Tank is a 1/2 year old ginger domestic short hair boy who is currently at Blacktown Animal Holding Facility in Sydney. Tank is a friendly, smoochy boy who has already spent over a month and a half in the pound. This means he urgently needs a new home as cattery space is limited. If you think Tank is just the man you are looking for, head into the holding facility to check him out. The friendly pound staff will be more than happy to help you out.
Tank would make the perfect companion for anyone looking to bring a kitty into their home. Click here for more info on Tank or call (02) 9839 6161 ASAP!
Mr. Bean, Beanie, Bean Bag, BEAN [in Young Miss’ baby speak] is a large, goofy, loveable silver tabby. This is so fortunate. In most other aspects of his life he is a total dunce.
I often exclaim ‘there is just something not quite right about him’ to which my family laughs and my vet shrugs and says he is perfectly healthy.
But he does silly things. VERY silly things.
Let me enlighten you, he falls off the back of the couch, he consistently thinks my bookmark [which sports the eyes of a tabby cat] is an actual real cat, he fights the mark on the wall every few days, tries to hide in places far too small for his frame – resulting in him becoming stuck, the list goes on.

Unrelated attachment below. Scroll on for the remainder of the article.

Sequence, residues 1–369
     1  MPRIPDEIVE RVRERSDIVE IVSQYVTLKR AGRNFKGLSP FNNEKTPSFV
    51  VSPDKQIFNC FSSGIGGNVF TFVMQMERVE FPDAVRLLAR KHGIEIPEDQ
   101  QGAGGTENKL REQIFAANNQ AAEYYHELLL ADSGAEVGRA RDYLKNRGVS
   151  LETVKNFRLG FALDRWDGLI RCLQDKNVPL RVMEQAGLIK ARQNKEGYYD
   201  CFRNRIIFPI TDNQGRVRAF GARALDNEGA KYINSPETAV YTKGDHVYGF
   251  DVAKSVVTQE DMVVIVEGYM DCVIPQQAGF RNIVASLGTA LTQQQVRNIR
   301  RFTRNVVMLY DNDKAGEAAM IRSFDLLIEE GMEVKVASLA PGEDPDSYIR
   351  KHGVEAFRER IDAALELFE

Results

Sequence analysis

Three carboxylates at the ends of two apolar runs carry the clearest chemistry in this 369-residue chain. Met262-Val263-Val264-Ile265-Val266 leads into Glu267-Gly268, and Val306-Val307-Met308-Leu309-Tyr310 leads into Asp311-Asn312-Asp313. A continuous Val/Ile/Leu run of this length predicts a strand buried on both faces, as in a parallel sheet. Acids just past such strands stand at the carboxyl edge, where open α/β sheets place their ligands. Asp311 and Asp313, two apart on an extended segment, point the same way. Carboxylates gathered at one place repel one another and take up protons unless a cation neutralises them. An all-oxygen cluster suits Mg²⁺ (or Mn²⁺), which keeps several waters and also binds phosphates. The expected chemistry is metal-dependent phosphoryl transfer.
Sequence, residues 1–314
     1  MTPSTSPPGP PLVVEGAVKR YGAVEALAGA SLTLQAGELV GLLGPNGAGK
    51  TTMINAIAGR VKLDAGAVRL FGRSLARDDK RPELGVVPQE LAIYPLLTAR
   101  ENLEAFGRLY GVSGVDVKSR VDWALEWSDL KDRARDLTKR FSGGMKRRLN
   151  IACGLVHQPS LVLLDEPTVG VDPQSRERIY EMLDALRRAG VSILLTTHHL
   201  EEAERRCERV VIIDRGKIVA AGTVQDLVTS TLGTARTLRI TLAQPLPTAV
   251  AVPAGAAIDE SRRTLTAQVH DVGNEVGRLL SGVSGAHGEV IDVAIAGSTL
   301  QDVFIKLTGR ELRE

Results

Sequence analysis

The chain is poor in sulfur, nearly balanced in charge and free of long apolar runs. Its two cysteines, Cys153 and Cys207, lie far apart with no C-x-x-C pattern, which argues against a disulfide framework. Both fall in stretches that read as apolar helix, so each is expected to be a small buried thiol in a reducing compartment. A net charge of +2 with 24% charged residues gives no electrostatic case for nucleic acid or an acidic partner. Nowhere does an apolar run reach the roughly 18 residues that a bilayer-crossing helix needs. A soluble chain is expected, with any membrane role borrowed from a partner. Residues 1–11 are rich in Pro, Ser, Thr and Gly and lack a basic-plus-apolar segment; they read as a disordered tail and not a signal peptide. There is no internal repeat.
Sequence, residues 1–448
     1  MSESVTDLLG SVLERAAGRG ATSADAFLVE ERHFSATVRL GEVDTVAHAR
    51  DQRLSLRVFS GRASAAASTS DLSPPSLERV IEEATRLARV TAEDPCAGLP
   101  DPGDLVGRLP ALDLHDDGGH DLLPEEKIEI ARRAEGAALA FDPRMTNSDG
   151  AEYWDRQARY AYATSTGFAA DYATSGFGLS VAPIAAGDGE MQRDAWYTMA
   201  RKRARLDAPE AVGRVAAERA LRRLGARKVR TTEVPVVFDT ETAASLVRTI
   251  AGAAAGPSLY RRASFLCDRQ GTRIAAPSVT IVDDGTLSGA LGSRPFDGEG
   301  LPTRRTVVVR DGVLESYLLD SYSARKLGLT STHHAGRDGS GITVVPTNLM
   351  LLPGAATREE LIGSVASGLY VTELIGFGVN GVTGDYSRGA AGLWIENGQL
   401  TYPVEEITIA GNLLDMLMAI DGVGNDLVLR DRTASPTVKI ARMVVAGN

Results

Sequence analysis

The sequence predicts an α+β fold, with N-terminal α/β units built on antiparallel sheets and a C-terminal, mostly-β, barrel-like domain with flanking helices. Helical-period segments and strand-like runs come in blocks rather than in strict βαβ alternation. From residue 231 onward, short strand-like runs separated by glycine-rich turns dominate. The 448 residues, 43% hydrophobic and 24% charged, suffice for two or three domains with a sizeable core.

When we first got him as a nine-week-old kitten, he wasn’t totally litter trained. He was the product of an unwanted litter belonging to a family cat [read: DESEX YOUR PETS] and was therefore dropped off at the local shelter with all of his siblings. The whole litter was adopted in the first weekend, they tell me. Mr. Bean’s second family were looking for a cat to accompany their six-year-old cat. They introduced them by letting them romp together all weekend. The issue with this slap bang approach to introducing a new feline family member resulted in poor baby Beanie being attacked all weekend. He was promptly re-surrendered on Monday, as it was “too disturbing” for his new family to witness. Fast forward a week, and I went to the shelter on my day off. I often visited to cuddle the shelter cats. On this occasion I wanted to discuss getting a friend for Macy.
As I sat in the kitten room, Mr. Bean jumped straight on my lap, onto my shoulder and when he tried to follow me out the room, I knew he had chosen me. A quick call to the ever-obliging new husband and Bean came home with me. I followed the book exactly in terms of introductions. Mr. Bean was isolated for ten days while I slowly introduced them. Problem was, the stress of being in his third home took its toll on the wee boy. He began to poop outside his litter box; he even pooped blood, a sign of extreme stress in cats.